Objectives: Bartonella infection has been associated with endocarditis in humans, dogs, cats and cattle. In order to evaluate the importance of this pathogen as a possible source of endocarditis in United States military working dogs (MWDs), we performed a retrospective case-control study on 26 dogs with histological diagnosis of culture negative endocarditis (n = 18), endomyocarditis (n = 5) or endocardiosis (n = 3) and 28 control dogs without any histological cardiac lesions.
Methods: DNA was extracted from paraffin embedded cardiac valves and tissues from case and control dogs and submitted to PCR testing with primers targeting the Bartonella gltA gene. PCR-RFLP using four restriction endonucleases and partial sequencing was then performed to determine the Bartonella species involved.
- Nineteen (73%) cases were PCR positive for Bartonella, including B. henselae (8 dogs), B. vinsonii subsp. berkhoffii (6 dogs), B. washoensis (2 dogs) and B. elizabethae (1 dog).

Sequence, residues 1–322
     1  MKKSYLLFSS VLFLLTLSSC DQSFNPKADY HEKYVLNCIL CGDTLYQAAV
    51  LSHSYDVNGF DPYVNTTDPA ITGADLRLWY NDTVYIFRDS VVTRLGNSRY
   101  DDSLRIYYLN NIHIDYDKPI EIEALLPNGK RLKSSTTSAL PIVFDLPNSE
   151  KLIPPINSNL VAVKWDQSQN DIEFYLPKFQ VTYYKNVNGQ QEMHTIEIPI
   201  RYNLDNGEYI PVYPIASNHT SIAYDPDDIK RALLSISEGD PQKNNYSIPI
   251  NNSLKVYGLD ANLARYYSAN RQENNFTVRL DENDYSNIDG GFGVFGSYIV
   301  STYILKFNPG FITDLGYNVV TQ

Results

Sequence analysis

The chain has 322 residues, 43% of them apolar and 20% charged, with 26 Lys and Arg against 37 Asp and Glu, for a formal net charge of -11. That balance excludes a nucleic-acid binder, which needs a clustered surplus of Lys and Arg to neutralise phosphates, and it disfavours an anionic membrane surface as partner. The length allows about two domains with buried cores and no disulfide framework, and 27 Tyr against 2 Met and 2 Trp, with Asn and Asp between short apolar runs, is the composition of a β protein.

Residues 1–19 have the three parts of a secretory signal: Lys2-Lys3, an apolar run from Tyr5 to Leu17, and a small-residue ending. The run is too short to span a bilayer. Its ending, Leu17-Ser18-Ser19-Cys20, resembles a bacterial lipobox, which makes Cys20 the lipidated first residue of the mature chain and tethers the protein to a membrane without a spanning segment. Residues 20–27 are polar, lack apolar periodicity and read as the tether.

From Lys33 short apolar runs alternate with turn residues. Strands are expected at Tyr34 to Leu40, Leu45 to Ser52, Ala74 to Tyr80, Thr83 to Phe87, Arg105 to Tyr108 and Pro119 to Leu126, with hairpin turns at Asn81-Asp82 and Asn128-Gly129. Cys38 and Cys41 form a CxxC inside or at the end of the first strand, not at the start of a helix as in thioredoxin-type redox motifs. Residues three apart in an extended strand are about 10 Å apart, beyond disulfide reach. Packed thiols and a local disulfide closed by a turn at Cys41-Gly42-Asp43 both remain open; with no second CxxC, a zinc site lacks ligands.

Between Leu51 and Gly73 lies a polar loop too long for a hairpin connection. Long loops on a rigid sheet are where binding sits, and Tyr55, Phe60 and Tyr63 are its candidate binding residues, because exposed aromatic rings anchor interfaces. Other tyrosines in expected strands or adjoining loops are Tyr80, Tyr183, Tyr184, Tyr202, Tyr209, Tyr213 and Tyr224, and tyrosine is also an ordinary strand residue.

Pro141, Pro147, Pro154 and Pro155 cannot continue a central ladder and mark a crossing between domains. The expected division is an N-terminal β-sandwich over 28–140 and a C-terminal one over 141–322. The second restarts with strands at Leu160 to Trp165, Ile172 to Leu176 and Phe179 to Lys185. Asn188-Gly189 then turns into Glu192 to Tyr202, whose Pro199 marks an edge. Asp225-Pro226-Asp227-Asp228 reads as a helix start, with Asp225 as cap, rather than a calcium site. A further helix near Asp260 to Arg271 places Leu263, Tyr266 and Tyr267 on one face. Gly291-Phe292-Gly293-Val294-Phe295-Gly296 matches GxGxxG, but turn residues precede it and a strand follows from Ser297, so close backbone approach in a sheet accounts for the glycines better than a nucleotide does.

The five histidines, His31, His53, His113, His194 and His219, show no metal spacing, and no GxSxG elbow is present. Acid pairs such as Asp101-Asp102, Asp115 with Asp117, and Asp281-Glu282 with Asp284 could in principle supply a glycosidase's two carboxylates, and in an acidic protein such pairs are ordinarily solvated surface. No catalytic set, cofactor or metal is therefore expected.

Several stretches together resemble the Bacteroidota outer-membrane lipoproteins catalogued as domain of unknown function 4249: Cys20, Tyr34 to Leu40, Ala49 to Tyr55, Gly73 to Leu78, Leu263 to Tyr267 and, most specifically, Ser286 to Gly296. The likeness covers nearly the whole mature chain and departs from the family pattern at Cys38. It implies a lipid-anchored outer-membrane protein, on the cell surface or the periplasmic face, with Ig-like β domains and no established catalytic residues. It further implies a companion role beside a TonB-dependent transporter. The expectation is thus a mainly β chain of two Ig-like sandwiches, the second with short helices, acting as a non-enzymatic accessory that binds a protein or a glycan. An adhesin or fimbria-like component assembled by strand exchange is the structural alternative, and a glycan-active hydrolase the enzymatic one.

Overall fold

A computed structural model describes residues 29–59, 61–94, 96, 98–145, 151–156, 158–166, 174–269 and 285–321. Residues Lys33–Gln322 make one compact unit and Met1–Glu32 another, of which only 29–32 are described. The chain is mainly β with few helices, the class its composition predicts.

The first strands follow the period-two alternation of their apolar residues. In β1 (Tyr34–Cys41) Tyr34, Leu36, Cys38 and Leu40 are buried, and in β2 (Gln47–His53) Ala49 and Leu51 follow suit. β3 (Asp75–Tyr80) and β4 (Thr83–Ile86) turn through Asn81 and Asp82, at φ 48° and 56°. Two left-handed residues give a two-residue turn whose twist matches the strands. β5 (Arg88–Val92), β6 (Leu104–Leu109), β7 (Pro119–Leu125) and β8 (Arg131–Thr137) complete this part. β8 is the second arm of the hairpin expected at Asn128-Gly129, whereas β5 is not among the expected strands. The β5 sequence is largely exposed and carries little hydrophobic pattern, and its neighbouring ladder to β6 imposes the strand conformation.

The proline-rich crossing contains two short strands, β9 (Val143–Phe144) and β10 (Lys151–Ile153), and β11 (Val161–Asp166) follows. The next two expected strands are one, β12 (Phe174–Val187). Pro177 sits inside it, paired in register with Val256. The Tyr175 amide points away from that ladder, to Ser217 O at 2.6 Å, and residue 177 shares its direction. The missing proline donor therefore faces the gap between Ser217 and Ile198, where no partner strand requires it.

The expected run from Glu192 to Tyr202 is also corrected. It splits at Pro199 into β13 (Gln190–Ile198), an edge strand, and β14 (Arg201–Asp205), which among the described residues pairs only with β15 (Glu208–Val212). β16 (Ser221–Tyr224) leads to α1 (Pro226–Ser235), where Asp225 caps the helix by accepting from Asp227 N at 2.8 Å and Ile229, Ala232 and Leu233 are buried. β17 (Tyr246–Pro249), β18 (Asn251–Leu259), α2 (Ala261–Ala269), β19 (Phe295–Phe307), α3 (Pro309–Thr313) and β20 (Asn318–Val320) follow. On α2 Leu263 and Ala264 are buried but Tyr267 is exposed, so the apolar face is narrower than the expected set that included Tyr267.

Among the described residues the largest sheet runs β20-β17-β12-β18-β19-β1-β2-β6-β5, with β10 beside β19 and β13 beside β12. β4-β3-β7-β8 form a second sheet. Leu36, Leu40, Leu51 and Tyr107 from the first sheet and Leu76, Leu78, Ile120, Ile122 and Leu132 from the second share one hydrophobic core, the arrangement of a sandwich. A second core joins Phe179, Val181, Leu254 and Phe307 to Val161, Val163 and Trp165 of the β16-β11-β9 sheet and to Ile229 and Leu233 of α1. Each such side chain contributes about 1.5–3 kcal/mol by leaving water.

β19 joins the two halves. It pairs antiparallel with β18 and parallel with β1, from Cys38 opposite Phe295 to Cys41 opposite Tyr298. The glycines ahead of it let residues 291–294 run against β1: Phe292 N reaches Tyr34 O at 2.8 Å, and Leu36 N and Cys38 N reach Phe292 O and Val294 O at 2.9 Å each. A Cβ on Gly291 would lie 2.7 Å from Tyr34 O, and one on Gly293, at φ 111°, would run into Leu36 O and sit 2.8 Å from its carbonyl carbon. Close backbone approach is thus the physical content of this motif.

- Only one control dog was weakly PCR positive for Bartonella.
- Based on the type of histological diagnosis, 13 (72.2%) dogs with endocarditis, 3 (60%) dogs with endomyocarditis and all 3 dogs with endocardiosis were Bartonella PCR positive.
Conclusions: Bartonella sp. Infections were correlated with cardiopathies in US military working dogs. Systemic use of insecticides against ectoparasites and regular testing of MWDs for Bartonella infection seem highly appropriate to prevent such life-threatening exposures.
Dogs are sentinels for human tick-borne diseases and should be a warning shot over the bow. This study clearly shows Bartonella is a huge player in heart issues and should always be considered. Mainstream medicine continues to falsely believe this is a benign infection that will resolve on its own.